December 1, 2012
Lou at Fly&Fin invited me to fish some very nice water that had the potential to offer up some very large fish. I wasn't able to connect with any monsters, but did manage to net a few that were quite a bit larger than the fish I usually catch.
I had taken one of the larger (30cm) Daiwa Keiryu Damo with me to see if it was substantially more capable with larger fish than the 25cm size. It is. Even though my largest fish of the day was only about 16", it slid into the larger net with absolutely no problems. I am confident it can handle fish larger than that, and certainly larger than the smaller net can. I don't often catch fish large enough to require the bigger net, but it is nice to know it is there when I need it. I do wish I'd taken a photo of the fish in the net, but I didn't get any photo of that fish at all.
The best photo of the day, even though it's not of the best fish, is this one, caught on a Suntech Fieldmaster Keiryu Special 39. I don't have a good photo of the rod, but I will later because it is being added to the line-up. The ultimate in versatility, it zooms from 3.2 to 3.6 to 3.9 meters.
Paul A. suggested that the Sunglow Killer Bug in my previous report might work well in salt water (which he dubbed a Saline Killer Bug), and that with the addition of a marabou tail it could be called a Saline Killer Bugger. I thought his idea of adding a marabou tail to a Killer Bug would make a wonderful fly. I had previously written an essay about a Tenkara Woolly Bugger but this would be a much simpler fly to tie.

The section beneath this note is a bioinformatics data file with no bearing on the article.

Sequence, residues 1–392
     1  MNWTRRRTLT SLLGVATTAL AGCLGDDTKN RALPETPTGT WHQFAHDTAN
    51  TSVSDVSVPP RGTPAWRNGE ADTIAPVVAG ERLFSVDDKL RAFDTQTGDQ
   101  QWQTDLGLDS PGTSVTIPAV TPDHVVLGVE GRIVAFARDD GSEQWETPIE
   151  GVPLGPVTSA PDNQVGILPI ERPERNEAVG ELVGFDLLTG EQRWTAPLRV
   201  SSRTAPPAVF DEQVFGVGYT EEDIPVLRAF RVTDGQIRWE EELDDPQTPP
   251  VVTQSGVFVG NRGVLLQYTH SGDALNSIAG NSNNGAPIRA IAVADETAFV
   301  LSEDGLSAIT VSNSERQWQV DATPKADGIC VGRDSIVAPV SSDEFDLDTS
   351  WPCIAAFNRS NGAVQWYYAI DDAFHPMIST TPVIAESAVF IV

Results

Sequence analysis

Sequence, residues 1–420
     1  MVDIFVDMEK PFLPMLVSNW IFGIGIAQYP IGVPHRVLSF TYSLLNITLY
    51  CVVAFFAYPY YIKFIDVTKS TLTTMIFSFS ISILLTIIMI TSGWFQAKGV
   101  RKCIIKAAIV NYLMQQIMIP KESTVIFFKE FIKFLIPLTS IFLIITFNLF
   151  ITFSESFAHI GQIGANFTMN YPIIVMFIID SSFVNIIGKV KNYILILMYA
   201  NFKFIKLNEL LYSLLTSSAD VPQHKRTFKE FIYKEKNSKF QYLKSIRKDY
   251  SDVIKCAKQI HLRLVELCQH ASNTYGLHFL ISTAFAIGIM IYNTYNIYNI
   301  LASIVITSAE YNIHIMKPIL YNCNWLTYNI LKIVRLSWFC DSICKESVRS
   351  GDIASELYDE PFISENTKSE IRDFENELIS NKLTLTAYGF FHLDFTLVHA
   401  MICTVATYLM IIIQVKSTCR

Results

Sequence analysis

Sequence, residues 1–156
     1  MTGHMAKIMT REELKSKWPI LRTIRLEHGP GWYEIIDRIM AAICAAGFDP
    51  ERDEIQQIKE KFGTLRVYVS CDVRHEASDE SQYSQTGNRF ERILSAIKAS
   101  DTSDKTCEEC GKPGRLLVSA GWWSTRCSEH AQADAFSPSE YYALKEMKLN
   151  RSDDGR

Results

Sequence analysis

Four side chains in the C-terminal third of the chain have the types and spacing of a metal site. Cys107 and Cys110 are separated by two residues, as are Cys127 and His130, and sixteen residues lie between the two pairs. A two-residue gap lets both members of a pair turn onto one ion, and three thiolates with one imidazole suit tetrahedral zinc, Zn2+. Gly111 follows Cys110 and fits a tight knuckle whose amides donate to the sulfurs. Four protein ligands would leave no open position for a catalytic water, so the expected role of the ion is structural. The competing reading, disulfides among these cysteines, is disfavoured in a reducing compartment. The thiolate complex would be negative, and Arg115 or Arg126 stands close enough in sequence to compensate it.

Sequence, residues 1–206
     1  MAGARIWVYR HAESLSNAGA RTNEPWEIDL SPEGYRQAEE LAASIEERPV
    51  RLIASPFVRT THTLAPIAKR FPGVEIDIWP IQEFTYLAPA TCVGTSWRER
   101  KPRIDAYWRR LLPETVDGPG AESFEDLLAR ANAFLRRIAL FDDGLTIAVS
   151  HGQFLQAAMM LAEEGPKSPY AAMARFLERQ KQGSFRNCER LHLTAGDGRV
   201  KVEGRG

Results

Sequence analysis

I posted a photo of a not quite black Killer Bugger on the FAOL Tenkara Forum thread, which I will repost here. It is tied with Jamieson's Shetland Spindrift yarn. The color is Oxford, which I call the Little Dark Kebari yarn.
I took some with me for this trip, and also tied some with the Jamieson's Shetland Spindrift "Granite" yarn, which has a slightly mottled look but still makes a much lighter colored fly. As you can see from the out-of-focus tail, the marabou is so mobile that with even the slightest hint of a breeze it won't stay still.
I tied on one of the granite Killer Buggers first, and almost immediately firmly hooked a tree. My only defense is that it was with a new rod that I had never cast before. I lost the fly. I lost another one to a snag moments later. Deciding that the gods might be telling me that this one fly was not the one for this day, I switched to a tungsten beadhead flashback pheasant tail nymph that Rick D, who joined us for the day, had just given me. Shortly thereafter, I hooked the fish pictured above.
The next fish of the day was the one that didn't get it's picture taken. It had been foul hooked and also had a gash on it's side that looked like a heron strike. I'm sure you know from experience that a foul hooked fish puts up a much harder fight than a fair hooked fish of the same size.